Night of the Living Book

April 23, 2014 marks the commemoration of World Book Night in the United States. It is also the International Day of the Book, which is commemorated in other countries by giving a loved one a book. This commemoration — known specifically as World Book Night U.S. — has been going on for at least a couple of years, unbeknownst to me. I love the idea of it. The particulars may be found herebut the gist of this celebration is that a number of authors and other good people in several cities across the United States will be hand-giving away copies of special editions of more than thirty books to those who for one reason or another don’t have access to the print books.  I literally just found out about this (on Thursday, March 27, 2014, to be exact) and am, uh, a little late to the party in terms of signing up to do something is concerned, but I have already taken steps to officially participate in 2015, if the Lord be willing and creek doesn’t rise. May I make so bold to say that we, authors and readers alike, should be strongly on board with this?

It is not bulletin news to any of us that there is a great deal of competition out there for that very limited thing known as leisure time. Television, movies, video games, the stage…curling up with a good book is not everyone’s leisure drug of choice. Just as we have a generation of people who have attained their majority without ever having heard a jazz album in its entirety (my younger daughter was ready to call Children’s Services when I made her spend thirty minutes of a road trip listening to Miles Davis’ Kind of Blue) there is a large chunk of the population who haven’t read a book that wasn’t called “Cliff Notes” since eighth grade. Oh, the Humanity! Each of you reading these words knows someone like that, someone good and decent whom you call friend but who just doesn’t read. You know their interests, what types of television shows they watch or what movies they enjoy; with just a bit of thought you can put a book that matches their interests in their hands, for the price of a trip to Sonic or dinner out, depending if you buy them a hardback or paperback.

The music industry has been doing something like this for several years with “National Record Store Day,” supporting local music stores selling physical product (usually vinyl, believe it or not). In my city of residence, there are actually more stores selling vinyl records than compact discs. World Book Night U.S. isn’t quite the same thing, but it’s a similar sentiment: support the product.

Please: take ten minutes, pick one person out of your circle of acquaintances and lay a brand new book on them on April 23. I’m mentioning this three-plus weeks ahead of time to give you time to plan it and to pick up all that loose change on the floor of your car to pay for it. Trust me: whoever you pick will be delighted that you thought of them, and they might even read the book. And another.  And another.  And as a treat for yourself, visit the Book Night website and pick up a coffee mug or a tee-shirt or something while you’re signing up to be an official participant for next year. The toughest part will be handing away all of those special editions (“Huh? What box of special editions of PRESUMED INNOCENT by Scott Turow? Oops. I forget to pass those out.”) but somehow we’ll manage. And thank you.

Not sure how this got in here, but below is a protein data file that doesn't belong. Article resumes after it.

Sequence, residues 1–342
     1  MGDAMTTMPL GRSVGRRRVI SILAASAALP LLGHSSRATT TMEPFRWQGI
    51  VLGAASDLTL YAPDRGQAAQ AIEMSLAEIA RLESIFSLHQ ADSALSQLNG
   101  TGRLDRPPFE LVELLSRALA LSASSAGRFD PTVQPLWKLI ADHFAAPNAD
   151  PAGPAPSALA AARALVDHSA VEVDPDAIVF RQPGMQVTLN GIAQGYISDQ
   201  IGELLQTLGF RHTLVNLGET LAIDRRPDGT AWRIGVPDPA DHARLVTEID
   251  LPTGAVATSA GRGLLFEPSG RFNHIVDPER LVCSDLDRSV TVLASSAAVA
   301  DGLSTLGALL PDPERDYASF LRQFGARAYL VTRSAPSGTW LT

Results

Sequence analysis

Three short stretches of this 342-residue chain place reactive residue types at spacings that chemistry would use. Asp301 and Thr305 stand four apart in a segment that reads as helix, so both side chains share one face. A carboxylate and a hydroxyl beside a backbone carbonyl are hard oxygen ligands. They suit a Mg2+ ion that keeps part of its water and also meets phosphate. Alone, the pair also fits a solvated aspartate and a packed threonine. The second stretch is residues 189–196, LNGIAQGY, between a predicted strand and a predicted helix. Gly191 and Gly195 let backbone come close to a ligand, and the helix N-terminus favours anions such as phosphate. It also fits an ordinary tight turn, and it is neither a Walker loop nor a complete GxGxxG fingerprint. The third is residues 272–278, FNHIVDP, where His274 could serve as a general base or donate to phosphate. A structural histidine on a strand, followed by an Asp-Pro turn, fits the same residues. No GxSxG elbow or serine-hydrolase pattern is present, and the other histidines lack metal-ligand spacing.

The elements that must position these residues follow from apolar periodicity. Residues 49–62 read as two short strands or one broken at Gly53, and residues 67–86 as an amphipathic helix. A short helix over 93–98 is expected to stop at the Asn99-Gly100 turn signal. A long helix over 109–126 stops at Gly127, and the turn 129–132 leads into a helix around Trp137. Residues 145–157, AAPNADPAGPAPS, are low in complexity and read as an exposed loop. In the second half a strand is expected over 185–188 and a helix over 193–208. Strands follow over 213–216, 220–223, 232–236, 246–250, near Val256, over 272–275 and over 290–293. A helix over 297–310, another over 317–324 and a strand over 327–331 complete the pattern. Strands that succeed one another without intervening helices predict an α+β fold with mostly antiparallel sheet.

10 thoughts on “Night of the Living Book

  1. Interesting concept and a thoughtful gesture, if it works. I’ve tried this tactic with one of our kids based on the movies and TV shows watched, but the interest isn’t there beyond reading the first few pages. Playing games on the iPad holds more appeal. As you say, there are too many distractions available.

  2. Nancy, what I’m hoping is that it will reach a few people who never even consider a book. I had an experience recently which involved my recommending the library to someone who was looking for an audiobook and couldn’t find it. I asked them if they had checked the library. They looked at me for a moment and said, “Wow. I totally forgot about the library.” I think that people forget about books, too, or have acquired the attitude of the ingenue who stated, “A book? Why? I have one of those.” Those are the folks who will hopefully be reached.

  3. Kathryn, thank you for planning to participate on behalf of each and all of us out here who love reading and good writing and want to restore it to its proper popularity.

  4. Jim, I think that they’re focusing on physical product but in my opinion reading in ANY medium needs to be championed. And Thank You! I’d love to see your book.

  5. You and me both, Joe. Yesterday I finished a pass through the book where I was changing the page breaks and the chapter headings. When I arrived at the LAST chapter I realized that for the past two days I had been making changes to an “older” draft. Yowzers!! Took a few tricks and an all-niter to get that half-way straightened out. Now here I am going through another line-by-line edit. During this course I’m finding that I’d screwed up some of yesterday’s “fixes.” So now I’m refixing the fixes and getting the sensation of moving backward through time. How’s that for progress?

  6. Actually, Jim, I think(for what it’s worth) that refixing the fixes, as described, is progress. Absolutely. I probably would have dropkicked my laptop across the room, which would not have been progress.

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